Between November 2016 and July 2017, the Mastodon project’s flagship instance mastodon.social grew from under 10,000 to over 80,000 registered users. It was then closed to new registrations in order to support decentralization and the growth of other instances. There are now at least 770,000 registered users on over 1200 federated instances (Grafana, n.d.).
Mastodon’s connections to (small but powerful) social justice movements
Although the history of the Mastodon project is not a long one, its social, economic and technological roots are tied to several deeply complex social justice movements. Efforts to develop alternative micro-blogging platforms and the culture of open-source software development, predate Mastodon. Similarly, the goal of developing alternatives to the prevailing surveillance and capitalist approaches of corporate social media did not start with Mastodon, but emerges from a longer history of activism (carolina, 2012). Finally, the minoritized groups connected to early Mastodon development, particularly the queer and disabled communities, each have long traditions of activism (Parreno, 2017). The following three sections provide a brief glimpse into the Mastodon’s varied activist roots.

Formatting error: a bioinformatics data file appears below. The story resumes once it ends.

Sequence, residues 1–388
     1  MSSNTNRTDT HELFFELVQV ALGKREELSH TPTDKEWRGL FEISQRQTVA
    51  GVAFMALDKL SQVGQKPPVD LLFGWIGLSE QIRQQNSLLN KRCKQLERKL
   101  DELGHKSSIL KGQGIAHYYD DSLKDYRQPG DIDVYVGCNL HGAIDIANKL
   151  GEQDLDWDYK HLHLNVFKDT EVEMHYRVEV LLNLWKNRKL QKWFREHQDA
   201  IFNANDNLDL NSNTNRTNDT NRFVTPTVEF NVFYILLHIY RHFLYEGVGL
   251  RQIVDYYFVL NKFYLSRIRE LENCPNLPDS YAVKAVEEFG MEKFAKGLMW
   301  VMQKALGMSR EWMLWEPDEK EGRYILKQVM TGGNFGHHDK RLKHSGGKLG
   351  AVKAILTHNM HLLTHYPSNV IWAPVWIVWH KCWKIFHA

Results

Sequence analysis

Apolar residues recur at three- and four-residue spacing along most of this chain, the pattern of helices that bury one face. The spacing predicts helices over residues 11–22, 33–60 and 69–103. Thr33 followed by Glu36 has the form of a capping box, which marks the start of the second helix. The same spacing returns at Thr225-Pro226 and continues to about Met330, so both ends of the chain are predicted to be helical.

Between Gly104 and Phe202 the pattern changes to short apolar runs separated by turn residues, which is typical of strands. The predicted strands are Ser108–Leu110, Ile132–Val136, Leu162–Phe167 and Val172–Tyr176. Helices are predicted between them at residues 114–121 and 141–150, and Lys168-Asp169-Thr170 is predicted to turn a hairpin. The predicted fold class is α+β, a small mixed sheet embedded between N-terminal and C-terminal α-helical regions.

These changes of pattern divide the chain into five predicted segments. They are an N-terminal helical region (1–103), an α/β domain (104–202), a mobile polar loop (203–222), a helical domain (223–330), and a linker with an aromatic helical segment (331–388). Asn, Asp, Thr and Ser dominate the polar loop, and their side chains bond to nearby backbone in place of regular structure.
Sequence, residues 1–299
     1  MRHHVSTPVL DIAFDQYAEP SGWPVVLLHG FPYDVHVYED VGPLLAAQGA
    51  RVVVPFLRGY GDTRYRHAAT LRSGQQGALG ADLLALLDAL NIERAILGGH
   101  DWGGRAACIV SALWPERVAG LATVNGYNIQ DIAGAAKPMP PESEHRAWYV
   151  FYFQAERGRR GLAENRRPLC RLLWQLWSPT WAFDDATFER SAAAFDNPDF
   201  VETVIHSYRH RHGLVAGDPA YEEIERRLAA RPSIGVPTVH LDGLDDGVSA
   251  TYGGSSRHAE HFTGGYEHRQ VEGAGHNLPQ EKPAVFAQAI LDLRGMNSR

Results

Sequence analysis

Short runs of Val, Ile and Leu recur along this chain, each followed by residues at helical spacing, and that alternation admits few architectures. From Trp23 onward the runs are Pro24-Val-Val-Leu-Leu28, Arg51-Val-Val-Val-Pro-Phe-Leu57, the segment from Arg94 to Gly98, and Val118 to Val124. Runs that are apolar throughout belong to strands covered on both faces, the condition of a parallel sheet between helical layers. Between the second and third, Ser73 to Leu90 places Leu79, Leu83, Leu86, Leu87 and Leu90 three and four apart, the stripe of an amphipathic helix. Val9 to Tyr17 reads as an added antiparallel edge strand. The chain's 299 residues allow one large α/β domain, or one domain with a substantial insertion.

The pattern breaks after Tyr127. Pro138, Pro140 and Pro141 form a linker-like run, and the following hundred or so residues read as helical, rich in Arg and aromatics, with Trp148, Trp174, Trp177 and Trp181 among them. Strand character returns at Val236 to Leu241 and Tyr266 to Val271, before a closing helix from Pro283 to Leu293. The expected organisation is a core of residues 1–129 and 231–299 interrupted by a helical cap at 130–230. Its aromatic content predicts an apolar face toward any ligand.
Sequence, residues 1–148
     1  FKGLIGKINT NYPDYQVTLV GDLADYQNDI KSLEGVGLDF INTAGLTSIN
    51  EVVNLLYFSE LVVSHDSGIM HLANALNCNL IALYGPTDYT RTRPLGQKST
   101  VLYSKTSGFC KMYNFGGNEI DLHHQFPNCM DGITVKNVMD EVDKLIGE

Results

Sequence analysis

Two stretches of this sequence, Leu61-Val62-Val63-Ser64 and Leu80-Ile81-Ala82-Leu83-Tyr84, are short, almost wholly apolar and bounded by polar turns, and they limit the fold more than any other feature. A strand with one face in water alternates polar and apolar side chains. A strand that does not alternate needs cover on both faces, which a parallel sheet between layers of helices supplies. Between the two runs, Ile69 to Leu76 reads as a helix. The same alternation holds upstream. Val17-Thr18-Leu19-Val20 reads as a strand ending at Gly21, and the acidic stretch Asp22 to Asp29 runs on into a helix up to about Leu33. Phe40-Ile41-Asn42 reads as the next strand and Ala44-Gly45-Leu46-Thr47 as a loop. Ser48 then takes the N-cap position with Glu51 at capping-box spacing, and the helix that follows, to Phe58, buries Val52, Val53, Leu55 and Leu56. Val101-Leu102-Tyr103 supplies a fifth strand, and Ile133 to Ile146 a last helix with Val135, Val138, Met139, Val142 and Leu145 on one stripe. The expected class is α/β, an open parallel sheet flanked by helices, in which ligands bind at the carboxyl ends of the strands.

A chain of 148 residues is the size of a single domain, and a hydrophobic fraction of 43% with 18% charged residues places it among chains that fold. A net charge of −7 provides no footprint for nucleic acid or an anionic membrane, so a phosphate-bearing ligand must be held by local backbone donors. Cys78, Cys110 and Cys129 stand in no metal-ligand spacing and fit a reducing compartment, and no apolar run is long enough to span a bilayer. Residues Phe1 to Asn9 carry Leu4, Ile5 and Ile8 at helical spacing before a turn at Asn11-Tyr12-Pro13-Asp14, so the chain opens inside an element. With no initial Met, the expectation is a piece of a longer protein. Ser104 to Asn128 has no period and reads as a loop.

(Small) technical pieces and people loosely joined